Current events raise that always-intriguing question: What would it take to disrupt Google’s search dominance? Leaving aside its European Commission slugfest, Google is under assault from the usual suspects. Last week Yelp cried foul and Facebook started toying with a personal assistant. Next week, we’ll see how far Apple’s taken Siri.
First social, and now, mobile present potential user-behavior and tech-architecture catalysts that could re-set the search landscape. So far, social search has been a non-event. Mobile could be a different story. Most mobile searching is local, and mobile search is already a critical component of the connected local economy. Google itself says that more than half of its U.S. searches now originate from mobile devices. Its revenues lag significantly, at least according to Goldman Sachs.
The stakes are high, both for Google and for the rest of the local economy. That’s especially true for the merchants spending heavily on paid search and SEO. Forecaster eMarketer projects U.S. mobile paid search spending to increase from $8.7 billion in 2014 to $28 billion in five years.
What makes mobile search different?
Why would Google’s market leadership be vulnerable to mobile search incursion? Innovation in search can occur at the user experience level, the core indexing and ranking algorithms, and the business model and ecosystem that supports search. Each of these faces potential mobile disruption:
User experience. One-handed typing on a relatively small smartphone screen fundamentally changes the search query and response. On-the-go “impulse” searching outweighs the extended desktop session, yet both will coexist in a given considered-search process. Mobile search providers have to handle mistyping and voice input, and a results page that’s a long list of blue links won’t cut it. Mobile search will depend more on context, preferences, and personalized suggestions. And as people get used to this experience, it will migrate back to the desktop.
Indexing and ranking. Google’s combination of brute force and brilliance at crawling the entire Web and assessing relevance based on the Pagerank secret sauce requires mobile fine-tuning. Relevant information, links, and behaviors are off-site or happen cross-device.
Apps. Apps dominate mobile activity, despite all Google’s efforts to encourage HTML 5 and mobile-friendly website development. Apps need to be indexed and deep linking monitored.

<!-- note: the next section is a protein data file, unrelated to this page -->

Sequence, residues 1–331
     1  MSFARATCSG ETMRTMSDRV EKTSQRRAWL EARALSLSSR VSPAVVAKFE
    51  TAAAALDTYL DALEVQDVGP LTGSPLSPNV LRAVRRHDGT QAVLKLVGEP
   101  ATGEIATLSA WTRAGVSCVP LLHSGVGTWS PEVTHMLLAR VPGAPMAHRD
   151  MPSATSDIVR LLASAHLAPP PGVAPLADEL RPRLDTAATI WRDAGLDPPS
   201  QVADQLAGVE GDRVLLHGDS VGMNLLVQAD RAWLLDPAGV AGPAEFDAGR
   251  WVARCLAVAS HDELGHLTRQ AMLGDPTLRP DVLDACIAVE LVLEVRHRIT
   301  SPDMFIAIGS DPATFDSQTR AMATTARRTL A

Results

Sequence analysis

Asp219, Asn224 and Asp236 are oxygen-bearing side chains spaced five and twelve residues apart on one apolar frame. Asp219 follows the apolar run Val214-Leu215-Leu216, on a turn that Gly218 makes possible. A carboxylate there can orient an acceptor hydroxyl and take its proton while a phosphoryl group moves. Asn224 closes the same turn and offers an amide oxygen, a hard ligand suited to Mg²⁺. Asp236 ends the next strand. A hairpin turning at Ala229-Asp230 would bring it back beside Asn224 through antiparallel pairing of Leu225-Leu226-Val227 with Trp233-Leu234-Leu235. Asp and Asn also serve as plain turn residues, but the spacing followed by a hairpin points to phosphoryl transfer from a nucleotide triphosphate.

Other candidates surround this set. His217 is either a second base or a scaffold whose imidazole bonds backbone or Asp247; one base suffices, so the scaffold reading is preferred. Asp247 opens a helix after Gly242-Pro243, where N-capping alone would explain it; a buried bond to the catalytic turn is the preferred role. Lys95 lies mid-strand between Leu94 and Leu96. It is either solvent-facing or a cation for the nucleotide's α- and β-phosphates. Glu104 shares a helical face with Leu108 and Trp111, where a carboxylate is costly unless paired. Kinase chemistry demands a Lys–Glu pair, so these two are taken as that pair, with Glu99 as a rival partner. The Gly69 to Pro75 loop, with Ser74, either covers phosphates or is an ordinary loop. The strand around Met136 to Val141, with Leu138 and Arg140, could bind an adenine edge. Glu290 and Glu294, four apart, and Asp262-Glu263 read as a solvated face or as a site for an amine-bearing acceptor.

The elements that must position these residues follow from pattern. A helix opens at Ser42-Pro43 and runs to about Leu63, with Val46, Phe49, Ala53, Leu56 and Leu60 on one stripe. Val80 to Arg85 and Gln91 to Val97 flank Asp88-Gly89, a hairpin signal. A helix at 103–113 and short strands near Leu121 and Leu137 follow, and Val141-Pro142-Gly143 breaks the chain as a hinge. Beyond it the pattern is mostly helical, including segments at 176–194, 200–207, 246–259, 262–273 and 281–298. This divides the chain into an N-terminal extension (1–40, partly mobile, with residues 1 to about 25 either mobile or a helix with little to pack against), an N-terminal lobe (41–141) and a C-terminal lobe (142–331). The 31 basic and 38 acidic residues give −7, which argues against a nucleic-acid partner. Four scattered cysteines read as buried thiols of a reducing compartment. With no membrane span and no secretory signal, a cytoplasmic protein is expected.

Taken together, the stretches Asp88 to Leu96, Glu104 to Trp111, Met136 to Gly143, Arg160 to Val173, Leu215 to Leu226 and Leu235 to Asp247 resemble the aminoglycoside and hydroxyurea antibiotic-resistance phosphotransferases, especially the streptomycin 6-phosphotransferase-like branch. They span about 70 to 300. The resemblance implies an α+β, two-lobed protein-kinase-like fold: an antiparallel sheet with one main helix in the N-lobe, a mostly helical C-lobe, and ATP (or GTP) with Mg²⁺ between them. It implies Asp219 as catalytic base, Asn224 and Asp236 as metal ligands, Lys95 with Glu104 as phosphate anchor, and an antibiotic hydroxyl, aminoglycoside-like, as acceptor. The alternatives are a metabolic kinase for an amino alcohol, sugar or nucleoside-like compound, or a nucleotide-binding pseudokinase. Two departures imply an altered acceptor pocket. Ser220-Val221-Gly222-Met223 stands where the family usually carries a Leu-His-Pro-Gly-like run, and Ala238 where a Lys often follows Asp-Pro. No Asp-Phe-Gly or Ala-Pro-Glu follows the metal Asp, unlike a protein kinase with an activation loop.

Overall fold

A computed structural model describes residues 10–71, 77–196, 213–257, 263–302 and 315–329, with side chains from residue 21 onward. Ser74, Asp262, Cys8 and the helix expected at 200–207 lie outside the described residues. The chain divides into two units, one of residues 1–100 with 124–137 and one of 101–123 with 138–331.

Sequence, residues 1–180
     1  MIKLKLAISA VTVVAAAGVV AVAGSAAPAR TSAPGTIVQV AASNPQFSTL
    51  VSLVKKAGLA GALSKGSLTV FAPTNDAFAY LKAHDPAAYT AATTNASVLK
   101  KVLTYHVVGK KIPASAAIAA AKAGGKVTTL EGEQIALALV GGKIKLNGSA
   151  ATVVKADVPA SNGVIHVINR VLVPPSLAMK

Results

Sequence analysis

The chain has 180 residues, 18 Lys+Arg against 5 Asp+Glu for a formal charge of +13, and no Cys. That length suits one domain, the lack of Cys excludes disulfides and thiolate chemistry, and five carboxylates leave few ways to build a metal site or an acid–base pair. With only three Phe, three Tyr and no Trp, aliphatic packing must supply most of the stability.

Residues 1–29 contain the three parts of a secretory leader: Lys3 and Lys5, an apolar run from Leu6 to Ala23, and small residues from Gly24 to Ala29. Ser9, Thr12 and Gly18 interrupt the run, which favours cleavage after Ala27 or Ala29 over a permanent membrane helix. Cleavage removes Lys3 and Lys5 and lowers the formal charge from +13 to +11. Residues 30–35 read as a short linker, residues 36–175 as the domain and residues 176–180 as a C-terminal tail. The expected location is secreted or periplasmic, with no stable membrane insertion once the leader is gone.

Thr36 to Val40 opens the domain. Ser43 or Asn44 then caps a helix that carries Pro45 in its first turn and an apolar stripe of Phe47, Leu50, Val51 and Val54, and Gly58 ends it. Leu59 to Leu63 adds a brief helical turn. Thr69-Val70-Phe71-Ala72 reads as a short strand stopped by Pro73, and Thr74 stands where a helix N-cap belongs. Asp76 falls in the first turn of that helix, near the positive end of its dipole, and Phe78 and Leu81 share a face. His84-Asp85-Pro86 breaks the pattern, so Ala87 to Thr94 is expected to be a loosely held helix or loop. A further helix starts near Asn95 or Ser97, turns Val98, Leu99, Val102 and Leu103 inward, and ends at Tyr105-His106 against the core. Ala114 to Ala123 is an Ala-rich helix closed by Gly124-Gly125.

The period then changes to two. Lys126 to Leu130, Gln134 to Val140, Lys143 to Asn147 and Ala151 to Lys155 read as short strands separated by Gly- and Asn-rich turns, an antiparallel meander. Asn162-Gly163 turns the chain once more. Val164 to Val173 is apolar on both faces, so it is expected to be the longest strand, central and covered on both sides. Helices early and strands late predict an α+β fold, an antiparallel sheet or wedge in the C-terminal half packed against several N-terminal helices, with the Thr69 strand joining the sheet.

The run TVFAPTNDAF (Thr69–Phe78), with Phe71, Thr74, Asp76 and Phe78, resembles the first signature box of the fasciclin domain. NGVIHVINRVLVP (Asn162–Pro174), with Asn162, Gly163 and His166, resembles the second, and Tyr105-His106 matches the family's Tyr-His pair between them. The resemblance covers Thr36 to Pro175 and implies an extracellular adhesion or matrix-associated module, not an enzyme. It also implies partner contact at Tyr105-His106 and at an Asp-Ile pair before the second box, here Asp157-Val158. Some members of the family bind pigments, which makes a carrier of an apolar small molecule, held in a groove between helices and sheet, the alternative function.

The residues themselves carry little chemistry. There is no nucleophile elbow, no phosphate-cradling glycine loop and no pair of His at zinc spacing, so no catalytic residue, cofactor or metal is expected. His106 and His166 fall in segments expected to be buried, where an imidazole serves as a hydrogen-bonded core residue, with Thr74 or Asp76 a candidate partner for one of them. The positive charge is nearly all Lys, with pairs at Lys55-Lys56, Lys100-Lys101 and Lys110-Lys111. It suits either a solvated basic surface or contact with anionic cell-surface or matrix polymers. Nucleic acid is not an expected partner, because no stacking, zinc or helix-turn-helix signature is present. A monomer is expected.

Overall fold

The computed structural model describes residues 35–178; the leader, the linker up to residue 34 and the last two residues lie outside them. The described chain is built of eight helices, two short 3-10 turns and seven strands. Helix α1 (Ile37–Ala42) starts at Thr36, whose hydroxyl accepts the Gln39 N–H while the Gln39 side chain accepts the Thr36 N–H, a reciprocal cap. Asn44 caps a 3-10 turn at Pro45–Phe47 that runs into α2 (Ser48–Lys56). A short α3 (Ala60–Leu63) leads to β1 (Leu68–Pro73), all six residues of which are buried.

New competitors. Would-be competitors are wise to all of the above. Startups like Vurb and Button are offering apps and infrastructure to make the mobile search to transaction a more graceful and integrated app-centric experience. Besides Apple and Facebook, established local players like Yelp, YP, and Angie’s List have nothing to lose and everything to gain by thinking mobile first.
So how’s Google responding? Pretty well, so far.
Kicking off the the race with the current line-up, Google has the early lead. Mobile search market share is hard to come by, but triangulating across sources and methodologies suggests that right now, Google’s mobile search share is on par with its desktop share, and may be even higher. Net Application thinks Google did over 90% of recent mobile HTML searches versus 70% of desktops. The more reliable comScore credits Google with over 60% desktop share, and, though it doesn’t break out mobile searches yet, it rates Google’s search app with a 50% U.S. mobile reach. Android has a similar or better share of smartphone usage and Google is still Apple’s search provider for Safari.
Google has been hard at work reconfiguring search results pages for mobile display. In fact, it’s already migrating some of those changes to the desktop experience. On Android, “Google Now on tap” aggressively integrates search with other mobile app experiences, naturally including Maps and Mail, but also third-party apps from the likes of Spotify, OpenTable, and IMDb. Google is demonstrating almost similar functionality on its Google app for iOS.
Not too long ago, Google handled information about apps by indexing related webpages. But now it’s courting app developers and coaching them how to get activities and information on their apps into its index. While this is an extra burden for developers and marketers who want to practice the equivalent of mobile SEO, Google is a little more transparent here than on the desktop.
Apple’s doing the same but, of course, with different techniques, so that Siri and Spotlight can surface the app or the relevant information. There’s no sign that Apple is replacing Google with another search engine, but ultimately Apple would prefer to minimize browser-based mobile search.
If you’re handicapping this particular race, consider company motives and core strengths. Apple can play up personal-data privacy and app partnerships, because its fundamental business is selling iPhones to loyal customers. While Siri has been disappointing, Apple’s user experience expertise is undeniable. Google is no slouch at optimizing UIs for search and personal utility apps, and has proven prowess in big data and cloud infrastructure where Apple has stumbled. Google’s heavy hand in commerce alienates some app developers, but in the end, its business is selling ads, including to them.
David Card is Street Fight’s director of research.